FAYEZ (through translator): Yes, miss, but --

UNIDENTIFIED FEMALE (through translator): Right?

FAYEZ (through translator): Miss, I don't want them to feel they've lost our dad.


SREENIVASAN: You know what it's interesting is that Fayez -- it's not that he doesn't want to go because he's a child. His rationale for it is

absolutely the opposite. I mean, he's speaking as a grown man who feels like his role is to basically father his siblings because he doesn't -- I

think he says explicitly, I don't want them to feel another loss.

MYLAN: Exactly. And, you know, one of the things I kept with -- when I would get the translation back, I kept pushing back with the translators

and saying, this sounds too formal. He doesn't sound like a 12-year-old. Can you do another pass on it, you know? And they kept saying, no, this is

exactly what he's saying. He speaks like an adult.

So, yes, he very much saw himself as the caretaker and his singular mission was to avoid any more heartbreak for his siblings and himself and his

mother. I mean, and it was -- you know, it was a hard decision on her too that their -- you know, there -- and there -- I think this is what we were

trying to get to is their choices that they're -- where there's no right answer and no wrong answer. People who see the film and think, how could

she have considered this? And others think, how could she not? So, you know, and that's the world we're living in, right, where folks are faced

without correct decisions, without good options.

SREENIVASAN: And one of the through lines that, really, in a way, Fayez, represents in this particular story, but also the role of boys and the role

of men in these families that are all dealing with their own different ties of loss and grief and trauma.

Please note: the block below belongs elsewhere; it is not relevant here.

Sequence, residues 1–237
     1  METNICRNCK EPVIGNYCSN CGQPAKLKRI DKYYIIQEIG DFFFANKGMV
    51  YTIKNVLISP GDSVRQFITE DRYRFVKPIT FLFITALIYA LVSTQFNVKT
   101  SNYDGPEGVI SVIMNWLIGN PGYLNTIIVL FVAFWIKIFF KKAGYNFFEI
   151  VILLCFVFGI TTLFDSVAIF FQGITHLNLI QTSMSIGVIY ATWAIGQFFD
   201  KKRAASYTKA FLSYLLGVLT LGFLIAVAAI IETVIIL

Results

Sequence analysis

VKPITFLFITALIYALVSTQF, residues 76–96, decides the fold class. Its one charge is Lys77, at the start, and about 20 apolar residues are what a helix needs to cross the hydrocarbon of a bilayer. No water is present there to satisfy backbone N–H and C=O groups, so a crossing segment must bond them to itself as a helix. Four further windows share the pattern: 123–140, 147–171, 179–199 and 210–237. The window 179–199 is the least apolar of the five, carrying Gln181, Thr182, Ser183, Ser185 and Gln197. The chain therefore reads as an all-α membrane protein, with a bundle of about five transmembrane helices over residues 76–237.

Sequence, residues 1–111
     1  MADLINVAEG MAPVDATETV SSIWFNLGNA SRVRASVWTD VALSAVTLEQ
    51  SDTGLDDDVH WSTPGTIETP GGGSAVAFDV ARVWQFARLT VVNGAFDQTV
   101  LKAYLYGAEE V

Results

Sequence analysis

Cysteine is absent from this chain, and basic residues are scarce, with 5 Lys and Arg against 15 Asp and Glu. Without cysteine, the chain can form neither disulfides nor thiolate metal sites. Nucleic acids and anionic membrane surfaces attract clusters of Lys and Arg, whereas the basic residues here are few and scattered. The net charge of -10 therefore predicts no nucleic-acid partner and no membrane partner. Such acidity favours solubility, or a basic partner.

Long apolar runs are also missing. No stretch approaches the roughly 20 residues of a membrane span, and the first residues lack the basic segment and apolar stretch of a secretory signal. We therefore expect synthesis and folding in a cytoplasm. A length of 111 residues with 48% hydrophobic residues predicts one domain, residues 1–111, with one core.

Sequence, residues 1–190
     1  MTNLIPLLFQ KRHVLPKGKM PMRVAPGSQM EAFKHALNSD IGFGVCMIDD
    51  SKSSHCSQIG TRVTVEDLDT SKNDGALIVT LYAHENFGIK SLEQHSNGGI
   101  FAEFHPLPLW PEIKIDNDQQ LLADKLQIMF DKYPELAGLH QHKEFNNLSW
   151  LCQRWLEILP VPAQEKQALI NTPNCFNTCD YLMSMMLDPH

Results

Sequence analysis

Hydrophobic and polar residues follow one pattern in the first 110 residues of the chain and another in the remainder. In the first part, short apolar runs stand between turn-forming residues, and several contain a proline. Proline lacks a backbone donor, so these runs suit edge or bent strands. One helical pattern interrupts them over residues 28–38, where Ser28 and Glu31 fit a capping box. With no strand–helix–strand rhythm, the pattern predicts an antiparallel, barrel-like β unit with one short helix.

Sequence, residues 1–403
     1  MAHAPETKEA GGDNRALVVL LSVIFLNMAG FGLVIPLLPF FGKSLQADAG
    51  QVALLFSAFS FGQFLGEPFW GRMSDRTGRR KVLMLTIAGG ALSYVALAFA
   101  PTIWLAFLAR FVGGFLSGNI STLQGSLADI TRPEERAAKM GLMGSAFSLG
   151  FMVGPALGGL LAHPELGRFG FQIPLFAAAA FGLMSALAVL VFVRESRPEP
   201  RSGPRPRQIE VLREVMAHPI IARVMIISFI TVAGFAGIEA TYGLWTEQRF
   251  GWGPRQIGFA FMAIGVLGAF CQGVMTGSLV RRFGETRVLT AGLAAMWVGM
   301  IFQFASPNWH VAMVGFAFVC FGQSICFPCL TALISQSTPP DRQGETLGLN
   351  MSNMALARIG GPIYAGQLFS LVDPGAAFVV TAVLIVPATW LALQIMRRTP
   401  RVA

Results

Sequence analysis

MYLAN: Yes. Every family in the film has lost something vital, you know, whether it's a home, a spouse, a parent, a limb, and are determined to move

forward despite that. It was really important to me to have both. We have storylines where older brothers are taking on the parental role both in

Turkey and in our U.S. chapter. But then also, a storyline of fathers in Germany. And that was one I felt like had so much resonance to with folks

who come to our country.

You know, men from Central America and Mexico, and the best way they can serve their family is parking themselves in a more affluent country. And

basically, that's what these Syrian fathers were left to do. They have gone ahead first to make sure that the route was safe. Which, of course, it

wasn't. But they made it through first. Imagining that they'd be able to bring our families quickly. And then, border policies, borders closed down

and they're stuck, separated for years at a time.

But still, they know the best way they can -- or often decide the best way to serve their family is waiting to be reconciled, to be reunited. And so,

you know, especially, there are many cultures that, particularly in Syria, dads are hands on, physical, affectionate fathers. And so, to watch these